Unlike Rhiannon I didn't walk right up to the Cursus but chose to 'view' it from the top of a barrow just to the south of it.
(Easy walk from the official car park)
There was a pretty good view from the top of the barrow and you can let your imagination get the better of you by imagining how it would have looked when in its prime. I wonder what really went on here all those years ago?
Well Cursuswalker, the machine dispensing leaflets seems to have been dispensed with full stop. Oh well. It'll save people having to enter the circus that is the Stonehenge car park on a summer afternoon. They want £3 off you if you're not paying to see the stones. I, like many other people, chose to park for nothing on the side of the byway that runs up to the Cursus. And after queuing for a lockless and fairly mangy toilet I headed up the track. It's not long before you get away from the mayhem. It's amazing how few people bother - and yet, you get a completely different view and understanding of the stones.
It's heresy, but I kind of feel that Stonehenge is, has to be, a sacrificial site - I mean, sacrificed to tourists. EH can make huge profits out of it, and they can sink those profits into other heritage sites. This is surely good. All this aspirational stuff about a new visitor centre far away, and 'walking to the stones'... people on the whistle stop Stonehenge tour don't want to walk. If they did, and they had time, they would already be walking over the landscape, and they're not. I was virtually alone.
Just keep walking and before you know it (wafted along by painted lady butterflies) you are there slap bang in the middle of the cursus. It's immense, disappearing off as far as you can see in both directions. Cows roam on one side, sheep on the other, and you can walk the length of it if you please. A board shows you the brawny prehistoric builders digging the ditches and building up the chalk sides - thus it was originally even more dazzly and impressive.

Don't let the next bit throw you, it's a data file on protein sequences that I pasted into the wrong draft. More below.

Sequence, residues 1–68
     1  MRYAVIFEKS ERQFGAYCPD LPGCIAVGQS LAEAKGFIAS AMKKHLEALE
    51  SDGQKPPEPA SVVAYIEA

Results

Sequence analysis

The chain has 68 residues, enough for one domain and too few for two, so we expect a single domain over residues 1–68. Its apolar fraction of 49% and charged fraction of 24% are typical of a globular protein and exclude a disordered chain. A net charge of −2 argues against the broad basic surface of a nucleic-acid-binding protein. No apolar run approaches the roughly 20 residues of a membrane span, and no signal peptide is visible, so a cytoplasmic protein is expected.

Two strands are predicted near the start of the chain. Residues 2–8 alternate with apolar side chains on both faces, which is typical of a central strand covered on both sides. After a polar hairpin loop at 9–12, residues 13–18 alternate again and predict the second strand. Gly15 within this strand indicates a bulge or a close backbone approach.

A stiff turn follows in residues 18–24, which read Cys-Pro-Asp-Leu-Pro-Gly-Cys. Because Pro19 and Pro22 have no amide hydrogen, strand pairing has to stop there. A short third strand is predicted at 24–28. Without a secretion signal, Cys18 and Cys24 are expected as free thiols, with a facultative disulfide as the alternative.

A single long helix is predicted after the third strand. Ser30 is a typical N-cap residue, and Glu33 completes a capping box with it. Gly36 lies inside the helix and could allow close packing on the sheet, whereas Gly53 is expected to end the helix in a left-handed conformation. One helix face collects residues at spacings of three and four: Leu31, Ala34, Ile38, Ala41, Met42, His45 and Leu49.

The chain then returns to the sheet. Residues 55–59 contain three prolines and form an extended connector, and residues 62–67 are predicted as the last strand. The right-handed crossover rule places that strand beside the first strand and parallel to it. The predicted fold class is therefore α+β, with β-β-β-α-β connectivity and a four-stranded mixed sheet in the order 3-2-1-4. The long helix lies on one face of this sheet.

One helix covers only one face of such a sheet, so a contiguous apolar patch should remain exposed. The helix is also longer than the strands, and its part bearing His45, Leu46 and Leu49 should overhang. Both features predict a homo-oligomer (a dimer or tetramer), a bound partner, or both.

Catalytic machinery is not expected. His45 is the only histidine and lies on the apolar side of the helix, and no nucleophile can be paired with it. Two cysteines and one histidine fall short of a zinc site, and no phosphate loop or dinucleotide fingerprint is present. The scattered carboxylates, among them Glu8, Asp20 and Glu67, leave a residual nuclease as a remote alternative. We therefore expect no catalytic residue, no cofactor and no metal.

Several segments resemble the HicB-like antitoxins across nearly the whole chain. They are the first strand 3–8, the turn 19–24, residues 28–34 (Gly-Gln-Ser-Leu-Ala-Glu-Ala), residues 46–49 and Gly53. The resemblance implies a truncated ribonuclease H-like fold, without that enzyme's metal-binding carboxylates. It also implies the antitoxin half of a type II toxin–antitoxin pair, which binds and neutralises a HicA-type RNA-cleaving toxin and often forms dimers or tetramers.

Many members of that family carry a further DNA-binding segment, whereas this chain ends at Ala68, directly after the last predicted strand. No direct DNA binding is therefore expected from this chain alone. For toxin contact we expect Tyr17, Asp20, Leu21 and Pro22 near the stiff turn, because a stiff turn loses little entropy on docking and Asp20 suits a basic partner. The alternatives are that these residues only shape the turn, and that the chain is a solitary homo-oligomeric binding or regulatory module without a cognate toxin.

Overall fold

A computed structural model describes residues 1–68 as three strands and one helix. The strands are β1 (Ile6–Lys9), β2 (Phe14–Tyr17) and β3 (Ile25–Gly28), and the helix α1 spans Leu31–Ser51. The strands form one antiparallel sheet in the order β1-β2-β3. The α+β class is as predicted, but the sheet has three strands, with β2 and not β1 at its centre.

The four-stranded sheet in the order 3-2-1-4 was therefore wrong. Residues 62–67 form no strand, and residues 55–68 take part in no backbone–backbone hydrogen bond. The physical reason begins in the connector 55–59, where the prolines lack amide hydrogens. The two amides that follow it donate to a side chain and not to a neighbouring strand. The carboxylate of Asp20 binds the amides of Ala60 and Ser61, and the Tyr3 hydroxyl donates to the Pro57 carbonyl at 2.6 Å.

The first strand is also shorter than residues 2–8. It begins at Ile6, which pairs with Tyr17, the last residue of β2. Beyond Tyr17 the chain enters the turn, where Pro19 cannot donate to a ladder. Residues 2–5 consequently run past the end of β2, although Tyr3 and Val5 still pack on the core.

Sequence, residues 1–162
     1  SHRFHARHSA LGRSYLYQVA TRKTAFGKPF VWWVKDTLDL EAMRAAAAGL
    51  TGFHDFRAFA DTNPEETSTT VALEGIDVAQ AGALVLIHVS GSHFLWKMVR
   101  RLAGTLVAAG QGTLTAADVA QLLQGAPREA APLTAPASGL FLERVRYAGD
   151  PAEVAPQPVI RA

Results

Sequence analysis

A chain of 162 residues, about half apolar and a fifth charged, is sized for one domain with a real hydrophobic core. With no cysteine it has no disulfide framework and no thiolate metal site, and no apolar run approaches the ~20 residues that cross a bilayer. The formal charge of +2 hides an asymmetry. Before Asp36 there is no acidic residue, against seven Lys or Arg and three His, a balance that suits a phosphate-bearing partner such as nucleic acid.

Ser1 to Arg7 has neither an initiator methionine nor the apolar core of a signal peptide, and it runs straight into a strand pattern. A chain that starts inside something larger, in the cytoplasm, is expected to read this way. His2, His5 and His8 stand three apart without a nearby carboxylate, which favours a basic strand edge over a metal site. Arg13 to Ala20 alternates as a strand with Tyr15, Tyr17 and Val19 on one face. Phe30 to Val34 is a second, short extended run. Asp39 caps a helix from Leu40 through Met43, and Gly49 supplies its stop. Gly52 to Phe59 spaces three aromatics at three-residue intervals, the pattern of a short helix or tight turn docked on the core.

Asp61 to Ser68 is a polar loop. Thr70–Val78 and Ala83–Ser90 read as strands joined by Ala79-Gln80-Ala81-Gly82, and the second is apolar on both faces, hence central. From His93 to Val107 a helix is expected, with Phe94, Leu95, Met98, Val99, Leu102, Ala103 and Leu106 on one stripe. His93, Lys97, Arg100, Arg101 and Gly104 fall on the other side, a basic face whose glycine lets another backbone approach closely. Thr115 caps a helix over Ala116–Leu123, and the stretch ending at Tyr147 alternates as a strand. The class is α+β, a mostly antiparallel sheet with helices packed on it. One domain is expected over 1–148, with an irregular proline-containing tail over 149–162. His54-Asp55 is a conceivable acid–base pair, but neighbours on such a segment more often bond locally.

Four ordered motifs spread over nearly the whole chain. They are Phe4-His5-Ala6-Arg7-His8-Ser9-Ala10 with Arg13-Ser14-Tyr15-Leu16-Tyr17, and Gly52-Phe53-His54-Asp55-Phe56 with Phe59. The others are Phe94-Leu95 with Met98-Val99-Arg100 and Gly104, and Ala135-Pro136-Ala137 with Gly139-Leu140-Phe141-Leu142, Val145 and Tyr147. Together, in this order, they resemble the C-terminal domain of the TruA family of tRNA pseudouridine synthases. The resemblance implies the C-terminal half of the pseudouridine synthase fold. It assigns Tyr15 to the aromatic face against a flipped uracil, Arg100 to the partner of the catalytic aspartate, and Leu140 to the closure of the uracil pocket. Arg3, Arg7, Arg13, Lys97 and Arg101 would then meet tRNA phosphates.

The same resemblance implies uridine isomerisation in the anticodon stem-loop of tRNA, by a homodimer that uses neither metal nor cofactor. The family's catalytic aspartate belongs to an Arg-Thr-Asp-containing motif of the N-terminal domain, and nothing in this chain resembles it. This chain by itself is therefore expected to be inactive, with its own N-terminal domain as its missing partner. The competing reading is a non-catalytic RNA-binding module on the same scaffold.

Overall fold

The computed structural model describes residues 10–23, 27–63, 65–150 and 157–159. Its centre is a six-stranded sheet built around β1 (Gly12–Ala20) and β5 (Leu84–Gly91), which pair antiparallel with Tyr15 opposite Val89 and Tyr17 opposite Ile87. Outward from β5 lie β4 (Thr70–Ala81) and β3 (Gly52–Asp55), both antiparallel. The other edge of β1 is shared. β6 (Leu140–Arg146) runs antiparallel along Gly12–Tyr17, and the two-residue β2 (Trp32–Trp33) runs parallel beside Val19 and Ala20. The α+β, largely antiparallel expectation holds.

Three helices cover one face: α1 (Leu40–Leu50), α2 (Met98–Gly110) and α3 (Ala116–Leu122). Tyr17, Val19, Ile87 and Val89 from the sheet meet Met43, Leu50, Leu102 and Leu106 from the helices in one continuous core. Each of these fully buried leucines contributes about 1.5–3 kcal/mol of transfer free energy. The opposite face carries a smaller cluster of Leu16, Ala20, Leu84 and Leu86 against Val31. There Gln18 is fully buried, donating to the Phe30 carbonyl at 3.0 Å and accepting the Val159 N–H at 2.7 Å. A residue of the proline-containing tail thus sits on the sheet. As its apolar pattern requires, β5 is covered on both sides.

So I urge you to make the (relatively minimal) effort and walk up here. Maybe it's for the slightly geeky - but that's you anyway isn't it.
When you next visit Stonehenge, try getting hold of the booklet "Exploring The Stonehenge Landscape" that is sold from machines in the car park, but not in the shop for some odd reason.
I recommend Walk 3, which takes in all the most prominent barrow groups to the north, but most importantly includes walking the entire length of the Stonehenge Cursus, a two mile long processional Neolithic route that leads to a now destroyed long barrow. The sides of the Cursus can be made out along most of its length and it is vast in scale.
For much of its length Stonehenge can be seen right on the horizon, without all the modern rubbish that surrounds it. The walk ends by approaching the Henge up the Stonehenge Avenue, from the exact direction of the Midsummer sunrise.
The walk is about 6 miles in total and gives you an utterly different way of seeing the whole area.
This post appears as part of the weblog entry Pilgrimage
Neolithic cursus, comprising a long, narrow earthwork enclosure circa 2.7 kilometres long, and varying in width from 100 to 150 metres. The cursus is orientated roughly east-west, passing within circa 700 metres of Stonehenge (SU 14 SW 4), which is located to the south. Both ends of the cursus are square in plan with rounded corners. Two round barrows lie within the cursus interior at its western end. Much of the cursus bank and ditch survives as earthworks, the bank to a maximum height of 0.4 metres, and 6.5 metres width. Small scale excavations occurred in 1947, 1959 and 1983, plus some reconstruction work in 1987. Dating evidence for the main phase of use is limited, but construction has been assigned to a period contemporary with phase 1 at Stonehenge (circa 2950-2900BC), and the main use of the monument is believed to have come to an end during phase 2 (circa 2900-2400BC).